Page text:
The first underground station at King's Cross opened as part of the original section of the Metropolitan Railway in 1863 and was rearranged in 1868 and 1926. New platforms for the sub-surface lines of the Underground were opened about 400m to the west in 1941 to make interchanging between the sub-surface lines and the tube lines easier; the 1868 platforms later became the former King's Cross Thameslink station, which closed on 9 December 2007 when the Thameslink service moved to St Pancras International.

The Great Northern, Piccadilly and Brompton Railway (GNP&BR, now part of the Piccadilly line) platforms opened with the rest of the line in December 1906, while the City & South London Railway (C&SLR, now part of the Northern line) arrived in May 1907. The Victoria line platforms came into use on 1 December 1968 with the opening of the second phase of the line. The Victoria line escalators cut through the location of the original Piccadilly line lifts.

On 18 November 1987 the station was the scene of the devastating King's Cross fire. The cause was attributed to a lit match falling into, and setting fire to, an escalator machine room, combined with a then-unknown fire phenomenon of the trench effect, which caused the fire to explode into the station, killing 31 people. As a result, fire safety procedures on the Underground were tightened, staff training was improved and wooden steps on escalators were replaced with metal ones. The existing prohibition of smoking throughout the London Underground network was tightened. Due to the extensive damage caused by the fire, it took over a year to repair and reopen the station; the Northern line platforms and the escalators from the ticket hall to the Piccadilly line remained closed until 5 March 1989.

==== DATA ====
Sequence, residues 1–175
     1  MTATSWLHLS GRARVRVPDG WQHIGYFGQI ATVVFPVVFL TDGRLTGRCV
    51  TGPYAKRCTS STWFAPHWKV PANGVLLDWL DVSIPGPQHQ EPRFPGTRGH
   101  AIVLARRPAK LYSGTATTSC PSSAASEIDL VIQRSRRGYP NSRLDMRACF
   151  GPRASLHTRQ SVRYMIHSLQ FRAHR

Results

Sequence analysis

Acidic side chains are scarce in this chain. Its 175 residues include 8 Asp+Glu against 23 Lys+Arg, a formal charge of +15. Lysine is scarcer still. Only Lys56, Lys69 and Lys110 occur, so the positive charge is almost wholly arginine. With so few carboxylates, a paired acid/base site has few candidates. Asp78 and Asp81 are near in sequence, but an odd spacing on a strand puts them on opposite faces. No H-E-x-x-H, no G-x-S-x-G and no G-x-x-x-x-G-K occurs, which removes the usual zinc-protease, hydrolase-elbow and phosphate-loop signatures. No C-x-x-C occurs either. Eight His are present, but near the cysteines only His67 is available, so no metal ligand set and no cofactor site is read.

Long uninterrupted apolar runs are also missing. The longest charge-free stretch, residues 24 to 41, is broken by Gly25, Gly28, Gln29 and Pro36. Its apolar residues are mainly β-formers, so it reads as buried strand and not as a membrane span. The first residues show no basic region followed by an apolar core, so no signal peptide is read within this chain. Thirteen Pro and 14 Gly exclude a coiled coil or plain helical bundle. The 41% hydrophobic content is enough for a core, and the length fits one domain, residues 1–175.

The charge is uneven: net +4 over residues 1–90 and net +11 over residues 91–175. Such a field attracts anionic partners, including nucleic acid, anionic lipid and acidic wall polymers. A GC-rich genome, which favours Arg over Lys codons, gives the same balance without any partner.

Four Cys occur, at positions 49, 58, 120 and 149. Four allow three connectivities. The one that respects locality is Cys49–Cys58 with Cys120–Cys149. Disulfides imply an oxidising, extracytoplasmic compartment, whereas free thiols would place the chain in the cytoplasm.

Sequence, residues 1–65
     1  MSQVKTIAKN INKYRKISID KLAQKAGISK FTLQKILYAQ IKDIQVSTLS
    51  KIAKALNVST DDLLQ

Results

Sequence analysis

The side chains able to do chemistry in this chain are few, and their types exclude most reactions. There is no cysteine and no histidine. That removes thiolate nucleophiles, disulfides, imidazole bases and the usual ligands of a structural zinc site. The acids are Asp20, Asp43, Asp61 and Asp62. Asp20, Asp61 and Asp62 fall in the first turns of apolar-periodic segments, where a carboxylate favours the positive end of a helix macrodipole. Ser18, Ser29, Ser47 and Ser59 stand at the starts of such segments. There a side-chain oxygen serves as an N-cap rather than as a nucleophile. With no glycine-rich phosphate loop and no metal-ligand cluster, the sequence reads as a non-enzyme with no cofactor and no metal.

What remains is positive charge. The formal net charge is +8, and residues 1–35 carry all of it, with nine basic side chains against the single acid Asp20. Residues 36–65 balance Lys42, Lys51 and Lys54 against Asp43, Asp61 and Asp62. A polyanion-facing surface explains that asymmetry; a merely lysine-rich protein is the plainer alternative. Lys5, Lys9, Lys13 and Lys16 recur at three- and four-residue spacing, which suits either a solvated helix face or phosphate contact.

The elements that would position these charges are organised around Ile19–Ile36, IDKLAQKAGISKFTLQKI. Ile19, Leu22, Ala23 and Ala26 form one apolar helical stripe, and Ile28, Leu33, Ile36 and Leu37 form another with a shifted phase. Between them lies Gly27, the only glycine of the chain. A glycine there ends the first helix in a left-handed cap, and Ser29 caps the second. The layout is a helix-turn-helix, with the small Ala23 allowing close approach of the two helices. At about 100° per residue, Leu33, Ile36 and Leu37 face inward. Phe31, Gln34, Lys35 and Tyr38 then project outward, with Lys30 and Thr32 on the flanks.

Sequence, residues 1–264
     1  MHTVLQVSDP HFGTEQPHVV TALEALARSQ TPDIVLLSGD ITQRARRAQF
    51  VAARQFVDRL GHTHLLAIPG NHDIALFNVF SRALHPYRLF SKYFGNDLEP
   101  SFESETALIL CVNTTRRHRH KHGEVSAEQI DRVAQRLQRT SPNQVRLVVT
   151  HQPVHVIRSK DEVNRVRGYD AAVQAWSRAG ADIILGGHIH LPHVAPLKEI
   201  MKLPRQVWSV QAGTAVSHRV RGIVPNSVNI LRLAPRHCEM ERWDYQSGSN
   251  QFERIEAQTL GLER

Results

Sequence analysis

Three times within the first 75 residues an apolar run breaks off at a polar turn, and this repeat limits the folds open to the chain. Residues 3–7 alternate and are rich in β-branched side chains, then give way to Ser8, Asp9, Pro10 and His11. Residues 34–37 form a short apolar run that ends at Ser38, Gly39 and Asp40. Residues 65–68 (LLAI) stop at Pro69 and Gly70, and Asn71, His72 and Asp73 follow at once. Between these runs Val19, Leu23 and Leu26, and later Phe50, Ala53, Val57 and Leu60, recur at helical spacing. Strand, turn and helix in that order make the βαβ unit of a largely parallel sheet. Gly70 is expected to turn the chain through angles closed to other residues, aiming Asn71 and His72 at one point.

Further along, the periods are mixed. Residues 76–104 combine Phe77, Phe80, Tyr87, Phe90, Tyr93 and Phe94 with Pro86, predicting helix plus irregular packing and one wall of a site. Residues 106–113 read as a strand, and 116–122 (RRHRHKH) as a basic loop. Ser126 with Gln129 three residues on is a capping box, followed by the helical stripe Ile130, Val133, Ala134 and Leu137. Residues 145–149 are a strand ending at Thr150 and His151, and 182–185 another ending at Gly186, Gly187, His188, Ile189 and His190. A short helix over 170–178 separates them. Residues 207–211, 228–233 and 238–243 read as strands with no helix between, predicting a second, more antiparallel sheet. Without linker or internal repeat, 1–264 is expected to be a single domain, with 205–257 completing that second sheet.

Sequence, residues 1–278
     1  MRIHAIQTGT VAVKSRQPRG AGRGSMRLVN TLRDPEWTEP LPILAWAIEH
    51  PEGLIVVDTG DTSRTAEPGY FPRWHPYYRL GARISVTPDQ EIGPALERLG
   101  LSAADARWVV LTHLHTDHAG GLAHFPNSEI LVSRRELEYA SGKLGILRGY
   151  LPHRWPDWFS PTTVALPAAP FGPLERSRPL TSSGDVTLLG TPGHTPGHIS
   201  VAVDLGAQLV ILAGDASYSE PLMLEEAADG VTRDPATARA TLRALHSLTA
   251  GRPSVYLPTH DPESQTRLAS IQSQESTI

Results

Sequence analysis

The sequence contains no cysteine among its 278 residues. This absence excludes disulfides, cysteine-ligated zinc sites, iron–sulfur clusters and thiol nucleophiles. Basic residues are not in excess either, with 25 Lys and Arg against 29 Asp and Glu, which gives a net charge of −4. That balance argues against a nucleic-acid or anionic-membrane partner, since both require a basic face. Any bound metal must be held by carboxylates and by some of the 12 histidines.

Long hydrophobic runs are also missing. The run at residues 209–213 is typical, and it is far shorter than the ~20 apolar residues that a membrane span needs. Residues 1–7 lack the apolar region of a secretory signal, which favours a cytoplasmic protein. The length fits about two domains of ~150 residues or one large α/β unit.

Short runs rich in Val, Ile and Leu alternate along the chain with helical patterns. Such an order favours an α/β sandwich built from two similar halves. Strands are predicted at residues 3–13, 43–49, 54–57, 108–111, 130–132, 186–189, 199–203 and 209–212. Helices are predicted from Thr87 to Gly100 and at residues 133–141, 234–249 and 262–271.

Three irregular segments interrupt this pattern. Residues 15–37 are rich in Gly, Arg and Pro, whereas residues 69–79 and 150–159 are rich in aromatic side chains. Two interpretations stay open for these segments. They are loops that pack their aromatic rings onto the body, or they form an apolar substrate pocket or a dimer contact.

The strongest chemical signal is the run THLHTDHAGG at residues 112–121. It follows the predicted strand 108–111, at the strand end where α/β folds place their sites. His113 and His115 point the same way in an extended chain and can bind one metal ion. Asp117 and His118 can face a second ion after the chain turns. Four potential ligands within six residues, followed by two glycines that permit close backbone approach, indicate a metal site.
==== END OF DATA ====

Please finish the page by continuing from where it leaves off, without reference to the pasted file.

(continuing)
On 7 July 2005, as part of a co-ordinated bomb attack, an explosion in a Piccadilly line train travelling between King's Cross St Pancras and Russell Square resulted in the deaths of 26 people.


LOCATIONS ON THE UNDERGROUND MAP
Bloomsbury:   Bloomsbury is an area of the London Borough of Camden, in central London, between Euston Road and Holborn, developed by the Russell family in the 17th and 18th centuries into a fashionable residential area.